With substance abuse continuing to plague West Virginia, WVU provides a number of resources to support student recovery and well-being.
In 2017, providers in the state of West Virginia wrote 81.3 opioid prescriptions for every 100 patients, according to the Center for Disease Control and Prevention.
“Today, narcotics is what really worries me,” said Catherine Yura, director of the WVU Collegiate Recovery Program. “We are in a state that is No. 1 with opioid use, and we have been for quite a while. For individuals where it’s not in their life, it may be in a family member’s life or somebody they know.”
Yura has worked at the University as a psychologist since the 1980s, during which she helped with the creation of the WVU Collegiate Recovery Program. The recovery program is for both people in recovery and people who just support recovery and want to live healthy, active lifestyles.
“I think today we have one of the leading programs in the country,” Yura said. “I am going to say that because we have blended both the wellness perspectives in our program as well as support systems for people in recovery.”
The recovery program offers a range of fun, healthy activities for students to participate in, which include yoga, meditation, book studies and “Creative Mondays,” Yura said.
The program is now going to be open on Thanksgiving Day, where they hope students will come to come together to make food and have a good time.
“Lives are hijacked whenever substance use disorder takes hold,” Yura said. “We know that there is a lot of grandparents who are raising their grandchildren; someday they will come to college. This is going to happen for a while, so this program will not go anywhere.”
The WVU Collegiate Recovery Program is located at the Serenity Place on 628 Price St. and is open to all WVU students.
Wes Thomas, a Health Educator at WELL WVU, is also finding new ways to help educate students on alcohol and other drugs on campus.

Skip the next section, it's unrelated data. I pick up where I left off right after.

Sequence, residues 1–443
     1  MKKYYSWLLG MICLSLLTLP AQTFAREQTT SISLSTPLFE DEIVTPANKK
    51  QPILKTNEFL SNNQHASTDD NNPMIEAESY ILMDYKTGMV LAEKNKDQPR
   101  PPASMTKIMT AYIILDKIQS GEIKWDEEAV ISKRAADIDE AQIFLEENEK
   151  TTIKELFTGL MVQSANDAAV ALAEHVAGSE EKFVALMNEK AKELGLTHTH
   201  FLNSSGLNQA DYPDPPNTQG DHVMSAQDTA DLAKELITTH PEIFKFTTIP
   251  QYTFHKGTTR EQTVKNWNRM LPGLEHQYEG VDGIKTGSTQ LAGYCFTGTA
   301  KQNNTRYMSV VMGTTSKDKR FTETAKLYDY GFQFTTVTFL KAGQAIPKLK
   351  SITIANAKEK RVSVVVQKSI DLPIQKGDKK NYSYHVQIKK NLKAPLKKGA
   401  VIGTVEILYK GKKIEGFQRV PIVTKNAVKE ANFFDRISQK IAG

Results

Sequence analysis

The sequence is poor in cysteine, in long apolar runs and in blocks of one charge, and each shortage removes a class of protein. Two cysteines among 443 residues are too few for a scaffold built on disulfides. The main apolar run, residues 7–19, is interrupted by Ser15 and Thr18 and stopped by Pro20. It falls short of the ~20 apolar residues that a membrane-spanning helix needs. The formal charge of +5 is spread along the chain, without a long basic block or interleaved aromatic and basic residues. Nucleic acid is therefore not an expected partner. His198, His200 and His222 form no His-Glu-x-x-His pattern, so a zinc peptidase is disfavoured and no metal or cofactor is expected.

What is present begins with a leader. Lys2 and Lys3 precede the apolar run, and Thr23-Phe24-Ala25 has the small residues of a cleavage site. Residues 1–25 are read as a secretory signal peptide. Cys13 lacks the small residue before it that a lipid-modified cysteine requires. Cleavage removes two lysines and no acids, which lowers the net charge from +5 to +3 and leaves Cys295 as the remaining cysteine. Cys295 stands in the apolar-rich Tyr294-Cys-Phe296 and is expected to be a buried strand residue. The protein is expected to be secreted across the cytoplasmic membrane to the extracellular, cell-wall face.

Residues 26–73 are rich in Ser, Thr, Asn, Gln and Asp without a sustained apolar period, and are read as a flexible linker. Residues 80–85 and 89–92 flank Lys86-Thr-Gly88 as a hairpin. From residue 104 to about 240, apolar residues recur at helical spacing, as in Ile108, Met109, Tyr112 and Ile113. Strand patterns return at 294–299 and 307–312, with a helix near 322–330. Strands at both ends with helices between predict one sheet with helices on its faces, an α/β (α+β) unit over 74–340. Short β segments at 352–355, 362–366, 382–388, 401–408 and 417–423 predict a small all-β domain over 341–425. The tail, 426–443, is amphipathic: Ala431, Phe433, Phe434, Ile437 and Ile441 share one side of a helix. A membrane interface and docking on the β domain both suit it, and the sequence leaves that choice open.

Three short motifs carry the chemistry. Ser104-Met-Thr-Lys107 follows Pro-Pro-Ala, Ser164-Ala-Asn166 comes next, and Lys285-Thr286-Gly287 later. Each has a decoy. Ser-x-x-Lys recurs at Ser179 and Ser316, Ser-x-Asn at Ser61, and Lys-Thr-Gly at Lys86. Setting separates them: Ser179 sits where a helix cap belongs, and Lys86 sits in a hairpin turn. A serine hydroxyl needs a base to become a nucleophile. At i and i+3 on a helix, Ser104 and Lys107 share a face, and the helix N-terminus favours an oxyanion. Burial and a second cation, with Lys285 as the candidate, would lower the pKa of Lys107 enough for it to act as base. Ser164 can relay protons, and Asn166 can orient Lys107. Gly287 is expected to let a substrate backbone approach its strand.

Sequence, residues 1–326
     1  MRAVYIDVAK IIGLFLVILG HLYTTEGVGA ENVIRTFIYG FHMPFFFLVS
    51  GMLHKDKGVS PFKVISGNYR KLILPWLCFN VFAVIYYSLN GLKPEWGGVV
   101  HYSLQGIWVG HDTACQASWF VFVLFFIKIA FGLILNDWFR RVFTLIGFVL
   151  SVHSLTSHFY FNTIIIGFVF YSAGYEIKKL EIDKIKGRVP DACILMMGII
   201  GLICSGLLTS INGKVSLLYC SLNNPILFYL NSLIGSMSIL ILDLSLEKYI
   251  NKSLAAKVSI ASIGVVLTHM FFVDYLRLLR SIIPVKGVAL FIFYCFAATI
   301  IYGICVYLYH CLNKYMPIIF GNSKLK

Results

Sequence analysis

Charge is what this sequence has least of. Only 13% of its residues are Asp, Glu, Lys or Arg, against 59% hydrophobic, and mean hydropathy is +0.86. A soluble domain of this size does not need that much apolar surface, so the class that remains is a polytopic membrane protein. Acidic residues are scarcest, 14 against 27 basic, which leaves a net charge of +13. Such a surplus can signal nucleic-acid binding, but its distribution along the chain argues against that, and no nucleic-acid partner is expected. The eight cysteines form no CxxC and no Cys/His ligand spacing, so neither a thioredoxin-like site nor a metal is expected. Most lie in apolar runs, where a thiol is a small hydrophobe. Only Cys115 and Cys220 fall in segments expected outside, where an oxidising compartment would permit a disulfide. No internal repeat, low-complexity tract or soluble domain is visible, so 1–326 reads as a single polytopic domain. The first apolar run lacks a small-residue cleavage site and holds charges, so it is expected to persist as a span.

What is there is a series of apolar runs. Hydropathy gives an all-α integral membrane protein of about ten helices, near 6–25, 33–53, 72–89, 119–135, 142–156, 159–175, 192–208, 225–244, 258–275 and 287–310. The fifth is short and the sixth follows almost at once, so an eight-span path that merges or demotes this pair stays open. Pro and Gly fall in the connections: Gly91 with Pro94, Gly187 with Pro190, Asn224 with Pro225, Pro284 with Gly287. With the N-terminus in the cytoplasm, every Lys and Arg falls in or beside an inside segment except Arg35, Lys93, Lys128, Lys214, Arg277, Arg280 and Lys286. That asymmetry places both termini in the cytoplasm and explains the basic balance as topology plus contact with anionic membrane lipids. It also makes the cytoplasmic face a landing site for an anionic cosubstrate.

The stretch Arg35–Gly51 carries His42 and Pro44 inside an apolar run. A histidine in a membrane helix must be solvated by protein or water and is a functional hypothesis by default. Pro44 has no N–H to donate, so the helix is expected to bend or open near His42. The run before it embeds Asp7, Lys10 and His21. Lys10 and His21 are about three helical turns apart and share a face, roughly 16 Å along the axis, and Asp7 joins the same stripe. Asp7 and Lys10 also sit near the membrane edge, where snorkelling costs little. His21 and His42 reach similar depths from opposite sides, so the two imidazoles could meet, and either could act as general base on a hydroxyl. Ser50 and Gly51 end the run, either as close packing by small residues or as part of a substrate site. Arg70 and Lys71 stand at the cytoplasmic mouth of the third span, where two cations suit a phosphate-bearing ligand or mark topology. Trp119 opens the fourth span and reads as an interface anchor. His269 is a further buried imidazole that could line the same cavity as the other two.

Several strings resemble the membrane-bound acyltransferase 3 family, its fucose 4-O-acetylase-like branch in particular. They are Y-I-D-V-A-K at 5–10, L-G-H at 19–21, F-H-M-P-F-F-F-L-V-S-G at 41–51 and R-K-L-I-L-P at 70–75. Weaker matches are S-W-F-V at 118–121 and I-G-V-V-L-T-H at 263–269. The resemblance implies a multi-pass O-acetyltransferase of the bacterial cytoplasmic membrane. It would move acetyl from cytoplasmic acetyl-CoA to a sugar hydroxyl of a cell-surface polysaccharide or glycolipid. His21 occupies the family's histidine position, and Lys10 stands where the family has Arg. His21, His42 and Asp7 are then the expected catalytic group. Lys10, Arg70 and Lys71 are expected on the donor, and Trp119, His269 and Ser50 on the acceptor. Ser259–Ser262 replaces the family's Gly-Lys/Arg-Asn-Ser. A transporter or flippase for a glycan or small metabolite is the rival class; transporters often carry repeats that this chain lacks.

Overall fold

“We have a new program that we have been doing this semester called ‘Alcohol and Other Drugs Q and A’,” Thomas said. “It allows for students to submit questions about any alcohol and other drugs completely anonymously. I can then cater the content towards the curiosity, concerns or specific topics that students want to learn more about.”
Thomas tries to do as many face-to-face education programs with student organizations as he can. Topics can range from alcohol, cannabis, prescription drugs, to opioids, in order to educate students on the various risk factors of misusing substances.
“If a student is concerned with their relationship with a certain substance– there is an online resource they can use,” Thomas said. “It’s called ScreenU, and it’s a quick fiveminute, completely anonymous screening. It gives you unbiased feedback on the risk factors and will let you know about helpful resources on campus.”
Thomas said there are screenings for prescription drugs, alcohol and marijuana. Students can complete the screening by going to https://recovery.wvu.edu/screenu.
“We want to make sure that for students, being in recovery isn’t a barrier to coming to WVU,” Thomas said. “We just like to acknowledge the full spectrum of students and their various relations with substances and try to accommodate them each accordingly.”